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Successful business management requires focusing on a limited number of activities that have maximum impact on success. Accounting for these "critical elements" or "hot spots" is the topic of this article.

"Accounting" usually brings to mind the traditional general ledger and subsidiary ledgers like accounts payable or accounts receivable. Hot spot accounting usually has no direct tie in to the traditional books. Instead, we are alluding to "accountability" for the company's most important functions. A company that successfully accounts for these critical activities will be stronger and more profitable.

The critical elements of each business are unique. Generally, critical areas of a business involve increasing sales, increasing production, or controlling costs. For instance, the heartbeat of a construction company is often the quantity and quality of bids on jobs. A critical element for a consumer products manufacturer might be the introduction of new models, in order to stay ahead of competition. A restaurant might find that controlling food spoilage is critical.

We find that the management of a company can usually assess the hot spots of the business, at least in general terms. In fact, we often find that the owner/manager has spent considerable time defining and reviewing the company's critical elements.

The next step, after defining the critical element, is to describe specific activities that lend themselves to measurement. In our example of bidding and estimating for a construction company, measurable activities could be:

  • Number of bids per week
  • Dollar volume of bids per week
  • Number of successful bids compared to total bids
  • Comparison of company bids to competitor bids
  • Comparison of accuracy of original bid estimate to actual cost on closed jobs
  • Obtaining a good understanding of the bid documents
  • Constructing the bid estimate at the proper detail level

Once the measurable activities have been set out, the company should install an accounting system for tracking them. Continuing our example, a form should be developed documenting the estimator's understanding of the scope of the job. The detail level of the bid should be evident. Part of the procedure of closing a job, along with lien release and retention collections, should be comparison of actual cost compared to original estimate. The company should set up a log for tracking the number of bids, the dollar volume, and the success rate.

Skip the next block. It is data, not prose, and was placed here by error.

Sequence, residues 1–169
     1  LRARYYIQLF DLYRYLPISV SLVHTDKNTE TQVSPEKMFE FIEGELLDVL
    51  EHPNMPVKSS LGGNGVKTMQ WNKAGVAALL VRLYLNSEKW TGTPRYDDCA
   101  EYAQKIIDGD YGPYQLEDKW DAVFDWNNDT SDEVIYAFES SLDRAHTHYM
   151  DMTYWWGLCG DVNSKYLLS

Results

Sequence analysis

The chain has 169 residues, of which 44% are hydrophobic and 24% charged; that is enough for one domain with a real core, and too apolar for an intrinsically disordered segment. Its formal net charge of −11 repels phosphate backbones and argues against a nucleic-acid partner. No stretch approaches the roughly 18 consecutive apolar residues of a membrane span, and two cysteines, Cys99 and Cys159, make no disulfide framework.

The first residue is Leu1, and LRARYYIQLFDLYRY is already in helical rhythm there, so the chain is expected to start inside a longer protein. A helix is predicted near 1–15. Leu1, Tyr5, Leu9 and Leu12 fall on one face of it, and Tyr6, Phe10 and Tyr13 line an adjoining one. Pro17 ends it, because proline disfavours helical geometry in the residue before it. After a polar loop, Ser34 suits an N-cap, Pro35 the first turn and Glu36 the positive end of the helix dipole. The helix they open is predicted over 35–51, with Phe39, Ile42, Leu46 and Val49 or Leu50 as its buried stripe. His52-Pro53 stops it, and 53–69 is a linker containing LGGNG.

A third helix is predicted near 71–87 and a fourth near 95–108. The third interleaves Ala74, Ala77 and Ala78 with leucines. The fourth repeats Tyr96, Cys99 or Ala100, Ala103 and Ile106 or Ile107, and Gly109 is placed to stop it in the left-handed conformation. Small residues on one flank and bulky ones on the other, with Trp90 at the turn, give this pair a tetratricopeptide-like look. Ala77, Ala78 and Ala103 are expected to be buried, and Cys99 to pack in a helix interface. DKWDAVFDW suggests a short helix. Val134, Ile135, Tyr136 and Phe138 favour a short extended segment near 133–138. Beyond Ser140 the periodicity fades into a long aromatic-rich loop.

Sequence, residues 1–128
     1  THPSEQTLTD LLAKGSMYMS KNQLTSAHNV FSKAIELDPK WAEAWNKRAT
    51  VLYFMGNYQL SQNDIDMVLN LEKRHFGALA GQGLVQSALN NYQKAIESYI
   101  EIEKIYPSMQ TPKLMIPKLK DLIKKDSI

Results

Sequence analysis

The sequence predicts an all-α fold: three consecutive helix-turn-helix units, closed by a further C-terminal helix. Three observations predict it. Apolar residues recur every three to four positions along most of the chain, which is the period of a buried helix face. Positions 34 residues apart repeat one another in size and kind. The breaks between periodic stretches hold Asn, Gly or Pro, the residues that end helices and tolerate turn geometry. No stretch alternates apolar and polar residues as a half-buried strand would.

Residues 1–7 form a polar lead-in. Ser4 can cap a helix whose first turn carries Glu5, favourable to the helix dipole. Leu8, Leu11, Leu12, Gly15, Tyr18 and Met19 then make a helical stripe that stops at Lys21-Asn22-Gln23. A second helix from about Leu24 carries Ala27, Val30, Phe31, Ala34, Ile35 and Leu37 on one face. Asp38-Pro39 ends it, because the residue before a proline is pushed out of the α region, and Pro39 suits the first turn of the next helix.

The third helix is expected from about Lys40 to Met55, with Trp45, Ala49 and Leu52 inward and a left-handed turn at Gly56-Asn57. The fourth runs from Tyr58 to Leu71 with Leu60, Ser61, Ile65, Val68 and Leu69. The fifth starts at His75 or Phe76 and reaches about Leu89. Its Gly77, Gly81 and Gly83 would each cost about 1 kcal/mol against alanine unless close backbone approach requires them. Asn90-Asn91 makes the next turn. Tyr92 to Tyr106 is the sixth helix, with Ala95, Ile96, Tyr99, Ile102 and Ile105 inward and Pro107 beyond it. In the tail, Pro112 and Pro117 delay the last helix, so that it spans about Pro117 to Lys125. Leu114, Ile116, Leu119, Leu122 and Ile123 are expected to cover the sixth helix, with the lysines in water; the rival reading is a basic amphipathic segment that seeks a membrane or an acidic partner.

After these accounting procedures are implemented, the most important step must take place: management must assimilate the information and make knowledgeable decisions.

Ideally, the accounting system will create daily, weekly, and monthly reports to management. Management should develop the habit of reviewing and analyzing these reports. An agenda for reviewing the reports might include comparison to prior periods, comparison to industry benchmarks, a six month trend analysis, comparison to budget, or perhaps just a general review and brainstorm session.

After reading this article, you should ask yourself:

  • What are the elements of this business that are critical to success?
  • Am I monitoring these critical elements effectively (ie: timely, accurately, succinctly)?
  • How can we improve the accountability for these vital business components?

The accounting for hot spots, when combined with your traditional accounting (income statement and balance sheet) becomes your company's report card. This reporting system will itself become a critical element to your business' success.

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